Robinson quotes 2 Nephi 10:16 to describe this typology: “He that fighteth against Zion, both Jew and Gentile, both bond and free, both male and female, shall perish; for they are they who are the whore of all the earth; for they who are not for me are against me, saith our God.” (Italics added.)” If we apply the definitions of apocalyptic literature to the GAC (one exclusive and historical and the other inclusive and archetypical, we see the historical in chapter 13 and the archetypal in chapter 14.

Some further information about apocalyptic literature:

“Apocalyptic literature is dualistic. Since it deals with types, everything boils down to opposing principles: love and hate, good and evil, light and dark. There are no gray areas in apocalyptic writing. In this sense, there are only two categories in the realm of religion: religion that will save and religion that won’t. The former is the church of the Lamb, and the latter, no matter how well intentioned, is a counterfeit.”

This is how Robinson applies the distinction to the Great and Abominable Church.

“In the historical sense, though, only one entity can be the great and abominable church. Well-intentioned churches would thus not qualify as the mother of abominations described in 1 Nephi 13. They do not slay the saints of God nor seek to control civil governments nor pursue wealth, luxury, and sexual immorality. In either the apocalyptic sense or the historical sense, individual orientation to the Church of the Lamb or to the great and abominable church is not by membership but by loyalty.”

At this point, it is probably good to recap what Robinson wrote: Well-intentioned churches do not qualify as the GAC defined by 1 Nephi 13 because they do not fulfill the qualifications outlined in 1 Nephi 13. Furthermore, for both definitions of GAC, loyalty is more important than membership, and since no mortal has the ability to see into another person’s heart and judge them, we are wrong to judge their loyalty by calling them a member of the GAC.

Robinson’s money quote, which passed church correlation just fine: “Just as there Latter-day Saints who belong to the great and abominable church because of their loyalty to Satan and his life-style, so there are members of other churches who belong to the Lamb because of their loyalty to him and his life-style. Membership is based more on who has your heart than on who has your records.”

Finally, the smack-down: “Some Latter-day Saints have erred in believing that some specific denomination, to the exclusion of all others, has since the beginning of time been the great and abominable church. This is dangerous, for many will then want to know which it is, and an antagonistic relationship with that denomination will inevitably follow.”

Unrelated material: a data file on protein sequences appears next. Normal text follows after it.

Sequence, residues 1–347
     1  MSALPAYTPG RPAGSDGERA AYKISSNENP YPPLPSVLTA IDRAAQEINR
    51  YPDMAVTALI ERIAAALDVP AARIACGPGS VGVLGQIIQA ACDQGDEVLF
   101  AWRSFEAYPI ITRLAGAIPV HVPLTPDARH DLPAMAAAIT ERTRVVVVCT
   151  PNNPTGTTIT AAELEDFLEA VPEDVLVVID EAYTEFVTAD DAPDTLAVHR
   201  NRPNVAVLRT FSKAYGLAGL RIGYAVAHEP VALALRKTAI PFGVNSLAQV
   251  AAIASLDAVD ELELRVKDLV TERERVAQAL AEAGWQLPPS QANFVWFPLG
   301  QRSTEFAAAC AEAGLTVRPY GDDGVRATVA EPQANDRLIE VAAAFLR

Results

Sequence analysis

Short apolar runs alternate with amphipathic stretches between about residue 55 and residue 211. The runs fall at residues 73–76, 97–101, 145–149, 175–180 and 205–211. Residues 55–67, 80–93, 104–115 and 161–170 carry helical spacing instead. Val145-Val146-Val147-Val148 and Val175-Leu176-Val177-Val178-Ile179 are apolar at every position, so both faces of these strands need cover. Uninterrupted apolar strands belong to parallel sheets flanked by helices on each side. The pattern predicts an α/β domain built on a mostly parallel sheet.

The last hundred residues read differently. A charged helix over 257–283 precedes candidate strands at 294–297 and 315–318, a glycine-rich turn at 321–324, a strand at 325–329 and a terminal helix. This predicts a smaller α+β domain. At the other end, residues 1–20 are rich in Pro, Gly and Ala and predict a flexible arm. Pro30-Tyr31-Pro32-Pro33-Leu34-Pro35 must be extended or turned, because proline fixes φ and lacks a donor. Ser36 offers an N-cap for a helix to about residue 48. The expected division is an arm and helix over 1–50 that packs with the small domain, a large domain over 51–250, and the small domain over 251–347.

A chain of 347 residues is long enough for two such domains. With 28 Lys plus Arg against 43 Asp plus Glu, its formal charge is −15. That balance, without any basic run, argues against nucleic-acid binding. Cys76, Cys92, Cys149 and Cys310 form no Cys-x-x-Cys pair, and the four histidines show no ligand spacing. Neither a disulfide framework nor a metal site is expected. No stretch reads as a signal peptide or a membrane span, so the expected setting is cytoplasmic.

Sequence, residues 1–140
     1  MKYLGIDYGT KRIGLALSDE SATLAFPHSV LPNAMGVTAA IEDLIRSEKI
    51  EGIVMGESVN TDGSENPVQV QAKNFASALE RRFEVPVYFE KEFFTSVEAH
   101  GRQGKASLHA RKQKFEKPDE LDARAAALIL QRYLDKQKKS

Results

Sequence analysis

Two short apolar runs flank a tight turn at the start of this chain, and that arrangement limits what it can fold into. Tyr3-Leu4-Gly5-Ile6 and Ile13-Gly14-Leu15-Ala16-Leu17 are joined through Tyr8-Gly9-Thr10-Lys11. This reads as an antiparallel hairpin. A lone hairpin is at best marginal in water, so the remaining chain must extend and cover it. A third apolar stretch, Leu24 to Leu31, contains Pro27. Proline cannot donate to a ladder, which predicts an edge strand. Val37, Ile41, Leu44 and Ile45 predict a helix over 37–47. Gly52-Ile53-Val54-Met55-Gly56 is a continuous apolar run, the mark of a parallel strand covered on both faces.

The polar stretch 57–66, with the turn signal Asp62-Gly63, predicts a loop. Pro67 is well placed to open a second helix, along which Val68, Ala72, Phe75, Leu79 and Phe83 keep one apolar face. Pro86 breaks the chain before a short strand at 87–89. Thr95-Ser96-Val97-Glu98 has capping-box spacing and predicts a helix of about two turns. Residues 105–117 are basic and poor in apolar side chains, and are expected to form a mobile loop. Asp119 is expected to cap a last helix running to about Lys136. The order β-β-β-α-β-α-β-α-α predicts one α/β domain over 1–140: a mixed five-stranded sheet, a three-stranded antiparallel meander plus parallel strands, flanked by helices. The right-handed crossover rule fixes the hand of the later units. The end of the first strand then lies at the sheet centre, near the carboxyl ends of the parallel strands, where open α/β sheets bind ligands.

Robinson then outlines how Judaic elements were not able to fulfill the scriptural requirements of belonging to the GAC. After which, Robinson outlines why it is untenable for Roman Catholicism to be considered the GAC. Untenable means undefendable. All Robinson has to do to show that something is indefensible is to show that any of the claims are wrong. Robinson shows this by recognizing the historical fact that the Roman Catholic Church did not exist when the GAC was doing it’s work. Robinson shows that the plain and precious parts were already removed by 313 AD, before the Catholic church was made a state religion by Constantine. Robinson shows how the orthodox church was not known for it’s immorality (rather its asceticism), and how they weren’t able to persecute any saints, as they had NO power, and were themselves being persecuted!
So Robinson’s conclusion was that “The Catholic church of the fourth century was the result of the Apostasy—its end product—not the cause.”
And therefore it would be incorrect to call the Catholic church or anything that came after the Catholic church the GAC.

Robinson then outlines how we know of no historical church, denomination, or set of believers that meet the requirements for being the great and abominable church, because no historical organization fulfills the requirements listed in the scriptures. The reason we know of no historical church is because we have the fewest primary historical sources. After this historical blind-spot, we find a different entity than the one that Christ organized, Hellenized (or made-Greek) Christianity. While LDS do not believe that Hellenized Christianity maintained the same fullness necessary, one should also not conflate Hellenized (and incomplete) Christianity with the Great and Abominable Church.

I conclude with Brother Robinson’s final paragraph:
“The historical abominable church of the devil is that apostate church that replaced true Christianity in the first and second centuries, teaching the philosophies of men mingled with scriptures. It dethroned God in the church and replaced him with man by denying the principle of revelation and turning instead to human intellect. As the product of human agency, its creeds were an abomination to the Lord, for they were idolatry: men worshipping the creations, not of their own hands, but of their own minds.
Babylon in the first and second centuries may even have been a collection of different movements. Some Jewish Christians couldn’t let go of the law of Moses and eventually gave up Christ instead. The Orthodox Christians adopted Greek philosophy. The Gnostics wallowed in the mysteries and in unspeakable practices on the one hand or in neurotic asceticism on the other. Second-century compilers like Tatian and Marcion rewrote the scriptures, the latter boldly chopping out anything he didn’t like. And all of them together forced the virtuous woman, the true church of Jesus Christ, into the wilderness.”


October 18, 2009 Posted by | Religion | 13 Comments